TSB featured article

Recipe for Disaster? Do Nothing and Hope You Get Lucky

By Kathy Fox, Transportation Safety Board of Canada

(This article was initially published in the November-December 2011 issue of Wings.)

A jumbo airliner makes its final approach into a busy metropolitan airport during a heavy thunderstorm. The passengers are nervous, visibility is poor, and by the time the wheels touch down, over a third of the rain-slicked runway has already vanished. Worse, the brief space remaining is disappearing at a frightening rate …

Fiction or reality? Think of Air France Flight 358 landing at Toronto’s Pearson Airport in August 2005. Two questions make that scenario even more frightening.

What if we knew in advance how to prevent this?

What if we did nothing?

At the Transportation Safety Board, investigating accidents is part of our job. When something goes wrong—on our waterways, along our railroads or pipelines, or in our skies—we find out what happened, why, and hopefully how to prevent it in the future. But our work doesn’t stop with the completion of an investigation or the publication of a report. Our mandate is to improve transportation safety, not just report on it—and that means speaking up if a risk still remains, and pushing for change when not enough has been done.

To that end, we released our safety Watchlist in March 2010, highlighting nine key safety issues posing the greatest risk to Canadians. But what was first envisioned as a “blueprint for change” is starting to look like a blueprint for finding roadblocks.

Sure, gains have been made—in some areas, dramatically. Marine ferry operators. Railway companies. Not only have concrete steps been taken in these areas, but more changes are on the horizon. In fact, since its release, the momentum generated by the Watchlist has allowed us to reassess seven of our recommendations with the TSB’s highest grade of “Fully Satisfactory.”

But what about the millions of Canadians who take commercial passenger flights each year? Have we done enough?

Sadly, no.

In March 2010, the TSB warned the public about the dangers of runway incursions at Canadian airports. We stated clearly that the ongoing risk of aircraft collisions with vehicles or other aircraft on the ground was too high, and we pushed for better warning systems. We also singled out the danger of landing accidents and overruns, and we urged airports to lengthen the runway end safety areas (RESA) or install other engineered arresting systems/structures.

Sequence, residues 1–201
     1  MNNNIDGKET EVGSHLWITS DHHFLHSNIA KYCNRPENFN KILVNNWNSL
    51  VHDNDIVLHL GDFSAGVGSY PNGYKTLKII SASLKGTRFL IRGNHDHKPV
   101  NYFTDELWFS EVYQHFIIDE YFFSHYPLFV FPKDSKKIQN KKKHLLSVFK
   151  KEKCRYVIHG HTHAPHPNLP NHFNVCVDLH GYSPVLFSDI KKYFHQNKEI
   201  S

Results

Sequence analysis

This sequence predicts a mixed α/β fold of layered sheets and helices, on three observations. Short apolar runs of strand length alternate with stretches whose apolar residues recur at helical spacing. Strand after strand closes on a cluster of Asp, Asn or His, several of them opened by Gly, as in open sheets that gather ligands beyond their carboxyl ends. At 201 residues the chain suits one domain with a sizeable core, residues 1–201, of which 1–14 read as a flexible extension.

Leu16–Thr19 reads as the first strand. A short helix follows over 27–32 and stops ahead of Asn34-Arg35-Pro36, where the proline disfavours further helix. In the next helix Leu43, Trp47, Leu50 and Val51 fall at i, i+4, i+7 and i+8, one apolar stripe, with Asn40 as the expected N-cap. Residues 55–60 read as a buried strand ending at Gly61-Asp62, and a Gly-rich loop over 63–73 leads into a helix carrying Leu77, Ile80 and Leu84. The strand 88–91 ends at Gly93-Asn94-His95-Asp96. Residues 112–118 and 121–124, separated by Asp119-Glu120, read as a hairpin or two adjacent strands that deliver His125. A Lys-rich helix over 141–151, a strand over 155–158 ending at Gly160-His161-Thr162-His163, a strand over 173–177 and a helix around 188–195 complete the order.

Over a year later, we’re still waiting.

Placing all the blame on the regulator, though, is too simplistic. Sure, Transport Canada has been slow to implement the kinds of changes that would make runways safer, but they’re not the only ones with a role to play.

That’s why we’re appealing to you, the change agents. You fly Canada’s planes. You run Canada’s airports, direct the air traffic, and you help millions of people arrive safely at their destinations. You are in the perfect position, not only to see where the very real problems lie—but what can be done to fix them. Waiting for regulations? That won’t help make things safer today. And by not making things safer today … well, that sounds an awful lot like an excuse to pass the buck.

Here, then, is the kind of action we’d like to see.

The Board is concerned that incursions and the risk of collisions will remain until better defenses are put in place. Canada’s airports need enhanced collision-warning systems. As for landing accidents and runway overruns, solutions are equally well-known. Pilots need to calculate if sufficient landing distance is available and receive timely information about runway surface conditions, particularly during bad weather. And airports need to lengthen the safety areas at the end of runways or install other engineered systems and structures to safely stop planes that overrun.

Look, this doesn’t need to be a problem.

Already, Transports Canada is proposing that runways be made compliant with the International Civil Aviation Organization (ICAO) standard of a 90 m RESA beyond the 60 m runway end strip (for a total of 150 m). Going further, a move toward the ICAO-recommended 300 m standard hasn’t been ruled out.

Those changes are still a ways off, but here is the key: just because they aren’t yet mandatory, doesn’t mean they’re not good ideas. Do we need to revisit the specter of Air France Flight 358, hurtling off the runway at 80 knots? What about the hundreds of near-misses on runways across Canada? How long until someone—or some people—find themselves in the wrong place at the wrong time?

If we’re lucky, no one will be hurt when that happens. But why rely on luck? Why not take action today, especially when we’re all working toward the same goal? We already know what the dangers are, so let’s make our nation’s transportation system as safe as it can be.

Instead of waiting until next time.